Everybody else--well, it reminded me of an English teacher I had in 7th grade who tried to convince the class that Charles Dickens labored over each and every word he wrote until it was not only perfect, but filled with meanings far beyond the word itself. Being a smart-aleck kid, I pointed out that Dickens was paid by the word, and had a tough time staying ahead of the bill collectors. It seemed more likely to me that he was racing to produce as much work as he could, as fast as he could rather than laboring over each sentence for days at a time. The idea that Dickens had to worry about making a living didn't sit well with the teacher...

So it seemed for these experts--to them George Lucas thought through the implications of everything he did, scribbling notes as he researched dozens of volumes of assorted mythology.

Or maybe, as I think may be the case, Lucas' inner fanboy just thought "wow, this would be neat!"

Posted by: dhanson at May 30, 2007 05:05 PM

I didn't mind the comments from people like Joss Whedon, J.J. Abrams, Kevin Smith etc. because I see them as creative people trying to understand and absorb lessons from other creative people.

Everybody else--well, it reminded me of an English teacher I had in 7th grade who tried to convince the class that Charles Dickens labored over each and every word he wrote until it was not only perfect, but filled with meanings far beyond the word itself. Being a smart-aleck kid, I pointed out that Dickens was paid by the word, and had a tough time staying ahead of the bill collectors. It seemed more likely to me that he was racing to produce as much work as he could, as fast as he could rather than laboring over each sentence for days at a time. The idea that Dickens had to worry about making a living didn't sit well with the teacher...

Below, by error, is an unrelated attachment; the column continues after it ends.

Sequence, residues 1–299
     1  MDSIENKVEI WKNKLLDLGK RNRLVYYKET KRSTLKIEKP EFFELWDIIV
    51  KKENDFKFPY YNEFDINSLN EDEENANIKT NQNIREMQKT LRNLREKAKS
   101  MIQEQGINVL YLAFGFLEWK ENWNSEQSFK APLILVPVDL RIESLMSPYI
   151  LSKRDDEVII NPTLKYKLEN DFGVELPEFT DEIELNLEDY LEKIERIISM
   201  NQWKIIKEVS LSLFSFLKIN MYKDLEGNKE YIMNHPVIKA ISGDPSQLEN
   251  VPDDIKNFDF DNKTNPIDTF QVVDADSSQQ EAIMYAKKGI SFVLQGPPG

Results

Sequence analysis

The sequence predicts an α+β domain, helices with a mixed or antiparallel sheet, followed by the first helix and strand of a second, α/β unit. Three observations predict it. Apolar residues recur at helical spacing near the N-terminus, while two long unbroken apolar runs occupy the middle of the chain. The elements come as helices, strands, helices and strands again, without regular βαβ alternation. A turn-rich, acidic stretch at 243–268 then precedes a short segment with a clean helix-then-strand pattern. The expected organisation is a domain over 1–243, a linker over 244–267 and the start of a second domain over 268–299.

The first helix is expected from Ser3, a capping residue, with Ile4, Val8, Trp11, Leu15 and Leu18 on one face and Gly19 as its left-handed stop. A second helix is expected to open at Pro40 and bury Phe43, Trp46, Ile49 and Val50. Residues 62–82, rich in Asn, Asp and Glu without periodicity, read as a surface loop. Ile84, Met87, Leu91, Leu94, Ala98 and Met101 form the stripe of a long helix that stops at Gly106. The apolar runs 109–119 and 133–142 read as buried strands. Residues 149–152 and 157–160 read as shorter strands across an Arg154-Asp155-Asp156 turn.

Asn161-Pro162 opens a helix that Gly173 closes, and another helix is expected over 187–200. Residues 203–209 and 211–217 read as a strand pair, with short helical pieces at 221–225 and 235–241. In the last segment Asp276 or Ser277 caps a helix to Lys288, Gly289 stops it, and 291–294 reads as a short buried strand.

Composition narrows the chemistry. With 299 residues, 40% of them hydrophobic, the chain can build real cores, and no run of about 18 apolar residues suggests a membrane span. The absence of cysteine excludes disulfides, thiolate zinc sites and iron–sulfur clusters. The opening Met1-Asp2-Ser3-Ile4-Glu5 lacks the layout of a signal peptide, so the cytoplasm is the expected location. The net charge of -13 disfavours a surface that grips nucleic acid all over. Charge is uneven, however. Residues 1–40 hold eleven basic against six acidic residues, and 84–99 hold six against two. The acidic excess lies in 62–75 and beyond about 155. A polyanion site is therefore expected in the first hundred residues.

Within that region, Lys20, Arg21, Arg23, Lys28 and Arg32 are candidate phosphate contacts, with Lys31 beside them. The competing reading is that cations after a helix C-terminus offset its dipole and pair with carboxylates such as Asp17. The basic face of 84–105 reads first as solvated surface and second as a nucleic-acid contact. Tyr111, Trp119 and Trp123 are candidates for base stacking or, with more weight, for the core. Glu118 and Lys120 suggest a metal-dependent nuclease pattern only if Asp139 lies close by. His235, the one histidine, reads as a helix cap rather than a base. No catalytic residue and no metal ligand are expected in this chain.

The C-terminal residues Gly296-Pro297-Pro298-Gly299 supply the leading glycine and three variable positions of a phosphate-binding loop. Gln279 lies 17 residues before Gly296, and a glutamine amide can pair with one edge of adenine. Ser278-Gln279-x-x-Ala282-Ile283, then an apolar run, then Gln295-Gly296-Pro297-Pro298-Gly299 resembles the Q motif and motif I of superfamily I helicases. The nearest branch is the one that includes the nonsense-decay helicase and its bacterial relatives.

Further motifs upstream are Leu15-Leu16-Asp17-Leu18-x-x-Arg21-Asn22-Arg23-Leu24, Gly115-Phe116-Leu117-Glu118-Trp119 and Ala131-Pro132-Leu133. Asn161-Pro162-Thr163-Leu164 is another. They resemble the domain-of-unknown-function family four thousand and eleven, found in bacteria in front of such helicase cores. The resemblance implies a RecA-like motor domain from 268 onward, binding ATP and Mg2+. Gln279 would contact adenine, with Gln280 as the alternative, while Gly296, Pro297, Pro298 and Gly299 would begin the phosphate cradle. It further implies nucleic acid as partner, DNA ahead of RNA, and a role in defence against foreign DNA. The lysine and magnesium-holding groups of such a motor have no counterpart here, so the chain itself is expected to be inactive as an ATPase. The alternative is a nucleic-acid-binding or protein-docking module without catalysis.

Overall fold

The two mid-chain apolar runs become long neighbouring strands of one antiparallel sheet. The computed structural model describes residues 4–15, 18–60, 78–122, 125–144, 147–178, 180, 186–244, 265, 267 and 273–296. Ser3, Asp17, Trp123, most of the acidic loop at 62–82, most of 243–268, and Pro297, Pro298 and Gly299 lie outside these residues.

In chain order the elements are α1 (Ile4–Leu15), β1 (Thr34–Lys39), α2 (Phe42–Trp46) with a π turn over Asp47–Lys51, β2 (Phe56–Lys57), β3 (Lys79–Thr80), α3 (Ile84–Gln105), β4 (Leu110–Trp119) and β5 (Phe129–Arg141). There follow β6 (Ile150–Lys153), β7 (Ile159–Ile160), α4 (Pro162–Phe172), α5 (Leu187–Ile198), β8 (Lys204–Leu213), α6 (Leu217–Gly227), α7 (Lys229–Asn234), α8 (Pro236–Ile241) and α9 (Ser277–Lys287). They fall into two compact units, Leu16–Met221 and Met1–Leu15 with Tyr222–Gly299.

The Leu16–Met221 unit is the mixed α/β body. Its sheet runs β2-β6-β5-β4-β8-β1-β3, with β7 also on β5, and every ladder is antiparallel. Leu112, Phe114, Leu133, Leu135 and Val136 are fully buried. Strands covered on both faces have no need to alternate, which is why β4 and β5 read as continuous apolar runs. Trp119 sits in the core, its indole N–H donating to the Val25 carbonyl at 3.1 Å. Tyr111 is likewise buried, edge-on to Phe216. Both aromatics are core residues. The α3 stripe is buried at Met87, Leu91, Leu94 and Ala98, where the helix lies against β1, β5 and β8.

So it seemed for these experts--to them George Lucas thought through the implications of everything he did, scribbling notes as he researched dozens of volumes of assorted mythology.

Or maybe, as I think may be the case, Lucas' inner fanboy just thought "wow, this would be neat!"

Posted by: dhanson at May 30, 2007 05:06 PM

I didn't mind the comments from people like Joss Whedon, J.J. Abrams, Kevin Smith etc. because I see them as creative people trying to understand and absorb lessons from other creative people.

Everybody else--well, it reminded me of an English teacher I had in 7th grade who tried to convince the class that Charles Dickens labored over each and every word he wrote until it was not only perfect, but filled with meanings far beyond the word itself. Being a smart-aleck kid, I pointed out that Dickens was paid by the word, and had a tough time staying ahead of the bill collectors. It seemed more likely to me that he was racing to produce as much work as he could, as fast as he could rather than laboring over each sentence for days at a time. The idea that Dickens had to worry about making a living didn't sit well with the teacher...